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While breast augmentation is incredibly safe and effective, complications can occur during or after any surgical procedure. This is largely due to the fact that every patient's body is unique and responds differently to treatments. The connective tissue found in the human body varies significantly from individual to individual, meaning that everyone goes through a highly unique healing process. 

When breast implants are inserted into a patient’s chest, a fibrous capsule naturally forms around it in order to keep it protected. This capsule serves as a containment unit, holding the implant firmly in place to ensure that nothing happens to it. While this process is a totally normal and vital aspect of every breast implant procedure, it can lead to major complications, such as capsular contracture. 

Dr. Lampert and his team have years of experience in treating capsular contracture and helping patients live happier and more comfortably. 

What is Capsular Contracture?

The formation of a "capsule" of scar tissue around any foreign object (medical or cosmetic) in the body is a standard part of the body’s healing process. The body naturally tries to isolate and protect any object that enters the body by creating an amalgam of scar tissue around it. With breast implants, this process is vital, as the capsule ensures that the breast implants are kept in place and don’t slip. 

In some cases, however, this natural capsule made of scar tissue can become excessively hard and start to contract around the implant, causing the patient a great deal of pain. Beyond the immense pain, it can also be considered a cosmetic issue, as it can affect the appearance of the breasts. Research data indicates that approximately one out of every six patients who undergo breast augmentation will experience some amount of capsular contracture. That said, not all will display noticeable symptoms. 

In most cases, capsular contracture develops during the healing process following a breast procedure. Around 75% of all cases of capsular contracture happen within the first two years after undergoing a breast procedure. In some cases, however, the condition can develop several years after the patient has undergone their breast treatment. This is most often the result of a ruptured implant.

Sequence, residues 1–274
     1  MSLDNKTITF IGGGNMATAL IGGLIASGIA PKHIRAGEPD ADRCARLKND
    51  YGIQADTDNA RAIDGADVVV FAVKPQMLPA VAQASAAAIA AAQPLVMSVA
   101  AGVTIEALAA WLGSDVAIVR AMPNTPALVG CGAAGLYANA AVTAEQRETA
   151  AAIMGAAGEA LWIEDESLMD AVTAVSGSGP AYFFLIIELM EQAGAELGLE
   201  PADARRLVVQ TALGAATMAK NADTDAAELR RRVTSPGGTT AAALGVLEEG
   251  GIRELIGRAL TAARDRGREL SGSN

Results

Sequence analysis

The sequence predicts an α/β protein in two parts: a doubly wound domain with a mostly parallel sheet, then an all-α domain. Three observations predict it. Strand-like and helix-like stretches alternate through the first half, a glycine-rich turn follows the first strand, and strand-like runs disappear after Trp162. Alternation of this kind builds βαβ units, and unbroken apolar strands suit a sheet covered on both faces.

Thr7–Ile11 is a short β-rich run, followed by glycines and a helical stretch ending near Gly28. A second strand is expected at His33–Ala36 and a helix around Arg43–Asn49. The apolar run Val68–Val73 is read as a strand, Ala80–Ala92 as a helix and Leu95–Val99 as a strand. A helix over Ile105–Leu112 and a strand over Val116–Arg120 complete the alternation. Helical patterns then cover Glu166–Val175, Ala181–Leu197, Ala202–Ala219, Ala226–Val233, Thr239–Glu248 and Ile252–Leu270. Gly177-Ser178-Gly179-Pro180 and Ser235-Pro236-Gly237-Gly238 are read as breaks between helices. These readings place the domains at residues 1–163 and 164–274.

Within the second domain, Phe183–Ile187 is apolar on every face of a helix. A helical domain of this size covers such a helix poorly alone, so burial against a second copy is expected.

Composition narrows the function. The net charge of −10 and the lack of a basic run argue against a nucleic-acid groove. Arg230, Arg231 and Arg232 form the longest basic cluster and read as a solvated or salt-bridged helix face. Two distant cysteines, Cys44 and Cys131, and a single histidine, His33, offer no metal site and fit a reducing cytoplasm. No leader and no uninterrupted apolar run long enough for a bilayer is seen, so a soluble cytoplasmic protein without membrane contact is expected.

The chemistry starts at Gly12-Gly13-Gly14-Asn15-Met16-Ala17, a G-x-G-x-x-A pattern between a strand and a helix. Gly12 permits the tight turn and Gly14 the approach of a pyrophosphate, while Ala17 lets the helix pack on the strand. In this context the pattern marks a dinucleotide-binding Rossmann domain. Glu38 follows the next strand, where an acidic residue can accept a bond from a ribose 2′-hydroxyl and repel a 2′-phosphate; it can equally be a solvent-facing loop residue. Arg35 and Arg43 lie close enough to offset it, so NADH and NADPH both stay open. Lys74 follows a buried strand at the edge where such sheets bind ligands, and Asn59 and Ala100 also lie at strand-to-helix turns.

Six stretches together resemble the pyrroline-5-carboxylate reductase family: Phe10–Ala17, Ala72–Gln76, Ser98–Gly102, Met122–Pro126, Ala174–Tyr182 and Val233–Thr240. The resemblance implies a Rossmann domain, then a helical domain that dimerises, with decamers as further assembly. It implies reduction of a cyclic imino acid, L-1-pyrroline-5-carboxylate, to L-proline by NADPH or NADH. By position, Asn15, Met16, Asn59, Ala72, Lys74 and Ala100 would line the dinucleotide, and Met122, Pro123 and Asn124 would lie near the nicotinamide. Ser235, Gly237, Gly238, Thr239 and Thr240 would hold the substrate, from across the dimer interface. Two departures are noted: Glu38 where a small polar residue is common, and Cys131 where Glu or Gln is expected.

What Causes Capsular Contracture?

While there are currently various theories circulating regarding what causes capsular contracture, the overall consensus is that the cause can vary for every patient. 

Many researchers believe that a patient’s genetics are largely at play in the incidence of capsular contraction. Those who have a family history of autoimmune diseases or thick scar development following injuries may be genetically predisposed to experience capsular contracture following a breast augmentation procedure. That said, there is no exact formula to predict who will and who will not develop the condition based on one’s genetics alone. 

In some cases, capsular contracture is caused by factors other than the patient's body and the way it reacts to implants. In some cases, a substance known as “biofilm” is what is to blame for the development of capsular contracture. Biofilm is a thin layer of bacteria that can proliferate around an implant if a certain type of bacteria is present when the implant is inserted. While this bacterium is responsible for a serious infection, it seldom produces any noticeable symptoms, such as a fever or nausea. As such, it can be difficult to detect until fibrous scar tissue is produced, eventually leading to the condition known as capsular contracture. 

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How to Lower the Risk of Developing Capsular Contracture

There are various steps that can be taken to reduce the risk of developing capsular contracture. Some of these include:

  • Careful patient screening 
  • Using an implant size that is appropriate for the patient
  • Minimal handling of implants prior to insertion 
  • Utilizing textured gel implants
  • Taking the ‘under the muscle’ placement approach
  • Performing massages during the healing phase

How is Capsular Contracture Treated?

Breast explantation involves the complete removal of breast implants through an en bloc procedure and total capsulectomy to prevent any contamination in the body. This procedure will alleviate all the symptoms associated with capsular contracture, enabling patients to feel comfortable and carefree again. 

The explant procedure involves making an incision in the breasts and removing the implant and capsule from the breast pockets. The incisions are then closed, and the patient goes through a recovery process while they heal. 

Why Choose Dr. Lampert?

At Lampert MD Plastic Surgery, Dr. Joshua Lampert, MD, and his team of highly skilled practitioners are dedicated to helping their patients reach their aesthetic goals and live more comfortable lives. He has served countless patients in the greater Miami area and beyond, enabling them to experience greater self-confidence and fulfillment. An alumnus of several respected medical institutions, including The Mount Sinai Hospital, Dr. Lampert utilizes his acute expertise to curate personalized treatment plans that help patients get to where they want to be. 

Patients who are struggling with pain in the breasts caused by capsular contracture can depend on our team to relieve the issue at the source and provide them with a better quality of life. Reach out to us to schedule a private consultation and learn more about our breast explant treatments. 

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